PLAID Cymru AM Leanne Wood confirmed last night that she will be boycotting the Queen's official opening of the new Assembly building on St David's Day.
Ms Wood, a fervent republican, said her conscience would not allow her to attend the ceremony. She also refused to attend the royal opening in 2003, immediately after she was elected as a regional list AM for South Wales Central.
She told the Western Mail, "When we campaigned for the Assembly originally, we wanted to do things differently in Wales from the way they had previously been done in Westminster.
"I am not at all happy about the fact that after I was elected, I had to swear an oath of allegiance to the Queen before I could represent my constituents. In effect, I had to lie. Plaid Cymru has put down an amendment to the current Government of Wales Bill, calling for the oath of allegiance to be changed so that AMs pledge to serve the people instead of the monarch.
"As a republican, I just wouldn't feel right attending an Assembly meeting presided over by an unelected head of state. I know that most other Plaid AMs are also republicans, although they will not be joining my boycott.
"Dafydd El [Plaid AM Lord Elis-Thomas, the Presiding Officer] argues that if anyone other than the head of state opens the Assembly, the institution is devalued. I can see the argument, but for me it's important to make a point and keep alive the debate over whether it's appropriate to have an unelected head of state.
"I'm aware that while there are people on both sides of the debate who are passionate one way or the other, most people these days don't really care about the issue. My position is that I don't want to just go along with the adoring masses.
"I don't know how long it will take before we get to a situation where there is an elected head of state - I don't see any imminent change based on the reaction to my 'Mrs Windsor' comment in 2004.
"But I'm encouraged that those who contacted me to support me were nearly all young people. Support for the monarchy seems to be a generational thing, maybe something to do with the war."
In December 2004, during a debate on the Queen's Speech at Westminster, Ms Wood referred to the monarch as Mrs Windsor. After refusing to withdraw the reference, she was asked by the Presiding Officer to leave the chamber for the rest of the day.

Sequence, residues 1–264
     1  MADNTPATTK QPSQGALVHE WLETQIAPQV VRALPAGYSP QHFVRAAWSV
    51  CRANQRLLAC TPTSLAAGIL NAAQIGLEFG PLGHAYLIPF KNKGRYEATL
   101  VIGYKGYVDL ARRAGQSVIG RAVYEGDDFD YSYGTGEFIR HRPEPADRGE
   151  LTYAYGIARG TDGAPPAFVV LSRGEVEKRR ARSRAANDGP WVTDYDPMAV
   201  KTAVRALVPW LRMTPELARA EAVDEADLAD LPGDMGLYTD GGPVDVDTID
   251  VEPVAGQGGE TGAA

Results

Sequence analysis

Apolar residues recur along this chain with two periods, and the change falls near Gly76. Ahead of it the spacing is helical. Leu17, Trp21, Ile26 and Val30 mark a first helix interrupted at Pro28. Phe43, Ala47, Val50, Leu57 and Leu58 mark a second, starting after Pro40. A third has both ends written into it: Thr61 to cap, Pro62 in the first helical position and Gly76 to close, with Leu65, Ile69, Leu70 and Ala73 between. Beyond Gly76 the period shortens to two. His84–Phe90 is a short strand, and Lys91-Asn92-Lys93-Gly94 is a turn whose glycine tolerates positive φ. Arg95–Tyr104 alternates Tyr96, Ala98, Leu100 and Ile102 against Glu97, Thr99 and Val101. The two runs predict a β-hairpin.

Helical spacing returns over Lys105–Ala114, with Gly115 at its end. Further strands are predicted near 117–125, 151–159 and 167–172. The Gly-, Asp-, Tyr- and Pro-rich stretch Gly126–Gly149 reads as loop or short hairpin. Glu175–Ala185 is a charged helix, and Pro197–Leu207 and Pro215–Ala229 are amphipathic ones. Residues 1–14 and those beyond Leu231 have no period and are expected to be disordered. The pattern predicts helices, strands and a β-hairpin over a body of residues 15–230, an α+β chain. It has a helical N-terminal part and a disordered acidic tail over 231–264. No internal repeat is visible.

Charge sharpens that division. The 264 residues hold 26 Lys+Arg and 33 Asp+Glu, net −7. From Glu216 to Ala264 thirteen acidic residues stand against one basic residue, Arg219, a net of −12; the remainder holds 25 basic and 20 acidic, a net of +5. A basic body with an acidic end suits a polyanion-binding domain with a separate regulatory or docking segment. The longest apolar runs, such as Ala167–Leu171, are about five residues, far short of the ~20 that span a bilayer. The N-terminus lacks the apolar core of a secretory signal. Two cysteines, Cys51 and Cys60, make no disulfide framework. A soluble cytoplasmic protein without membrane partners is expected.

At the time, Labour AM Leighton Andrews said, "It is offensive and unacceptable for Leanne Wood to abuse the privilege of being able to contribute in a debate on the Queen's Speech in Wales' National Assembly to take a cheap shot at our monarch."
He went on to describe her comments as "more suited to a students' union than Wales' national forum for debate".
Last night the Assembly's Conservative leader Nick Bourne said, "It's rather disappointing that Leanne Wood will not be present at such an important event for Wales. Other Plaid Cymru members will be attending who don't believe Wales should be part of the UK either.
"It's a shame Leanne will not be there, but one has to say she has been consistent in her approach."
Plaid Cymru president Dafydd Iwan said, "I've managed to stay away from such occasions myself, which may be part of the reason I haven't tried very hard to become a member.
"I have respect for people like Leanne who have the courage of their convictions and stay away.
"Decisions like this are sometimes difficult. I think it's important not to compromise to such an extent that you have a fuzzy sense of your own principles," he added.
"This isn't something there should be a party line on. It's for individuals to make up their own minds."